Publication triggers ethical questions and shows risks of new genetic engineering methods
23 April 2015 / According to a new scientifc publication, researchers from China for the first time have genetically engineered human embryos for experimental purposes. They were using new methods, so-called nucleases or DNA scissors (CRISPR/Cas). The result ring alarm bells: Several side effects were observed within the human genome, indicating severe health risks. The scientists are warning that the new methods might be introduced too fast and also demand a broader ethical debate.
This publication sheds a light upon recent campaign of industry and scientific organisations in Europe that are trying to declare the new methods for genetic engineering to be without any risks if applied in plants and animals. Several stakeholder are claiming that the new methods should not even be regulated as genetic engineering.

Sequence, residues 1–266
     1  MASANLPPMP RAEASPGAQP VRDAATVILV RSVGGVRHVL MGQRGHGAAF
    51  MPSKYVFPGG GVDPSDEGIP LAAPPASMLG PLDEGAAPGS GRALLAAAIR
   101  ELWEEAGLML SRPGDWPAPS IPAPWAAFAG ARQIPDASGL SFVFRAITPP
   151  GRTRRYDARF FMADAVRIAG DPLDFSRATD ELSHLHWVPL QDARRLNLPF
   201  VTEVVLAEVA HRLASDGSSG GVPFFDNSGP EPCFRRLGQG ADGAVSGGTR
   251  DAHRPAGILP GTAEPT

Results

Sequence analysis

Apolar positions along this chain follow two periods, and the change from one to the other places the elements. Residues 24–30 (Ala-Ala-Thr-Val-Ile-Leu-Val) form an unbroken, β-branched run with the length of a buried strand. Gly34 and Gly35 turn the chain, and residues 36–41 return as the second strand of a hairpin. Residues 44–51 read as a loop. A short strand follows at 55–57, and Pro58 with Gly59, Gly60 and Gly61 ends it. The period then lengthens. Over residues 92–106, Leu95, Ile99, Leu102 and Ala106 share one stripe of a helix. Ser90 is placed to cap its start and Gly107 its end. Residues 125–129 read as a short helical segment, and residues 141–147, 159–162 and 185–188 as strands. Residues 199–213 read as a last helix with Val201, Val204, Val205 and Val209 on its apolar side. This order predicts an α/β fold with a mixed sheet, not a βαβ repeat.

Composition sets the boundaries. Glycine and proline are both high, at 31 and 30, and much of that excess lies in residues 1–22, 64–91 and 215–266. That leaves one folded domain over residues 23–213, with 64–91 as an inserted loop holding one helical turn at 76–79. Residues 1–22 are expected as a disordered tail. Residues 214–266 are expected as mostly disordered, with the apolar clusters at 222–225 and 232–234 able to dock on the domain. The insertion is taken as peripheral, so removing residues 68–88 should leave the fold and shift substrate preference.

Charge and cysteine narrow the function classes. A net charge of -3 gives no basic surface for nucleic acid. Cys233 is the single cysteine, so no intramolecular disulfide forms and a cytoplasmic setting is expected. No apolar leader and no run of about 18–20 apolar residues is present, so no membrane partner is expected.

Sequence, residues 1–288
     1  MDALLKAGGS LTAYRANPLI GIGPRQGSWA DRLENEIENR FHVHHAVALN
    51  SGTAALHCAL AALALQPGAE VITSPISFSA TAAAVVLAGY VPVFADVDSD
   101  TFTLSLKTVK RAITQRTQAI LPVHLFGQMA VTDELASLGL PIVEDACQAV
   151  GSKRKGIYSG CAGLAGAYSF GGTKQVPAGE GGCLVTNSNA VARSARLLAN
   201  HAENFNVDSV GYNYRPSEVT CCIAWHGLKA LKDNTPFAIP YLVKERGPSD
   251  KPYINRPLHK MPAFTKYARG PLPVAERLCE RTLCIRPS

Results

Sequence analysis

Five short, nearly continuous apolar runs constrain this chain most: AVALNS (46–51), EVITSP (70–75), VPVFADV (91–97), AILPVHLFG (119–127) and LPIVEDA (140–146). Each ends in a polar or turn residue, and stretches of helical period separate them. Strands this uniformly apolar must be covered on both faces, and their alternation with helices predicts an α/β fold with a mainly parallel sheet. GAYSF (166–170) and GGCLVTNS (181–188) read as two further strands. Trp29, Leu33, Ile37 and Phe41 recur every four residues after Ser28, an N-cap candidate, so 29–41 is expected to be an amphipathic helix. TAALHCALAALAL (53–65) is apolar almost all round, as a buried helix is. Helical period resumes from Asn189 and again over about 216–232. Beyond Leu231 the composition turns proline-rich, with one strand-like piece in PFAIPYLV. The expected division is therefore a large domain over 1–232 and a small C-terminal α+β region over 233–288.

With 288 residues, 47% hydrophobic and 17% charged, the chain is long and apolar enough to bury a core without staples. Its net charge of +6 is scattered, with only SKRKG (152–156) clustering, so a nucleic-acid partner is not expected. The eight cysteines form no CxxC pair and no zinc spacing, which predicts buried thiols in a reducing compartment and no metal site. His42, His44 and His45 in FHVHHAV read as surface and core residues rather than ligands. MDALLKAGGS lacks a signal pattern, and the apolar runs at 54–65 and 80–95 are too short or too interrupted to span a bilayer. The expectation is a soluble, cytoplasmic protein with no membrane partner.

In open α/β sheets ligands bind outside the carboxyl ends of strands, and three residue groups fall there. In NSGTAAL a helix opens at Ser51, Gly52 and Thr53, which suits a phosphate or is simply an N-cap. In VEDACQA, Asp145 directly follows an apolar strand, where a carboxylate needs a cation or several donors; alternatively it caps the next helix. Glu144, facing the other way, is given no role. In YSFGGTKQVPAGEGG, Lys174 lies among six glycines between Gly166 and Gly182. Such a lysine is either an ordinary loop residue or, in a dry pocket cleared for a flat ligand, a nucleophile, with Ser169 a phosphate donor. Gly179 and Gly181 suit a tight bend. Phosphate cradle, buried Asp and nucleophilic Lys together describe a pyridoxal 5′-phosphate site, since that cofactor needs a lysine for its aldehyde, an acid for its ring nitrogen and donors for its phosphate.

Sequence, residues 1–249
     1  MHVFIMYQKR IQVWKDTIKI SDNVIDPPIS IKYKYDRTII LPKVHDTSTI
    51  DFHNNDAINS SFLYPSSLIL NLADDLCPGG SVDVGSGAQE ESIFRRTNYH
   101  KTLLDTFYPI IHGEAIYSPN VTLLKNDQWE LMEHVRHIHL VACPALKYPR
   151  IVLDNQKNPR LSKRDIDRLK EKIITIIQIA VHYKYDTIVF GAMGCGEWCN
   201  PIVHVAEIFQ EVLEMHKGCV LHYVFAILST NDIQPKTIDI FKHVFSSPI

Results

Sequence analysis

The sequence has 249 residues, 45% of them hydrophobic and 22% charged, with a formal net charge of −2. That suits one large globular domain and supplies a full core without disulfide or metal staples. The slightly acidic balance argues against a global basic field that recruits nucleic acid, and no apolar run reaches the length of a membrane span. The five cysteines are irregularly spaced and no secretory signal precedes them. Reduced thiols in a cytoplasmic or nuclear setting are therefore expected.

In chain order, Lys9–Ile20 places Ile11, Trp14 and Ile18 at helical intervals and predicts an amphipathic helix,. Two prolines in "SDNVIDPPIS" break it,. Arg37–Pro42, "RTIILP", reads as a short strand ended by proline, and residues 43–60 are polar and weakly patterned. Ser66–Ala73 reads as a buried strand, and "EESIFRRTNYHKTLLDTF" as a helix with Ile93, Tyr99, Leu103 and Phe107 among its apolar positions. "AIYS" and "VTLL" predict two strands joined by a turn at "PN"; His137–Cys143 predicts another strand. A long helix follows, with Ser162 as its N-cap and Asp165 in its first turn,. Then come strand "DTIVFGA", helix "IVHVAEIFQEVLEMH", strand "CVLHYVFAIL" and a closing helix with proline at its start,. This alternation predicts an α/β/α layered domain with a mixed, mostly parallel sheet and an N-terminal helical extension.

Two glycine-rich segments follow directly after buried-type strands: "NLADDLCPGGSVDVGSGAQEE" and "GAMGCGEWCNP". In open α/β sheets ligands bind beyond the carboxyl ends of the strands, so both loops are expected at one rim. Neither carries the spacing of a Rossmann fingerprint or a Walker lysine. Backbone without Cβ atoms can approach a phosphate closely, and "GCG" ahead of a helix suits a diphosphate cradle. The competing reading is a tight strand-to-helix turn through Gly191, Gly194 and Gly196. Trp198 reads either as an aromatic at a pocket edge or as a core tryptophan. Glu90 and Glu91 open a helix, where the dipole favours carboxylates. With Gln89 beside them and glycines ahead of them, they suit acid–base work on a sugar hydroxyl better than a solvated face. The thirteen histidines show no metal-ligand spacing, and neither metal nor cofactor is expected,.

The new methods of synthetic genome technologies (or genome editing) are supposed to enable faster and more targeted intervention in the genome than so far. It also allows for radical changes of the DNA of humans, animals and plants. Testbiotech is of the opinion that plants and animals that are genetically engineered with these methods, should be subjected to in-depth risk assessment as requested by EU regulations. Furthermore there is need not only to to discuss ethical implications in humans, but also in regard to plants and animals and to take measures to protect the genetic integrity of plants and animals. To discuss this issue in public, Testbiotech will hold a conference on 17 of June in Berlin. The program will be published in near future.
Christoph Then, Tel + 49 151 54638040, firstname.lastname@example.org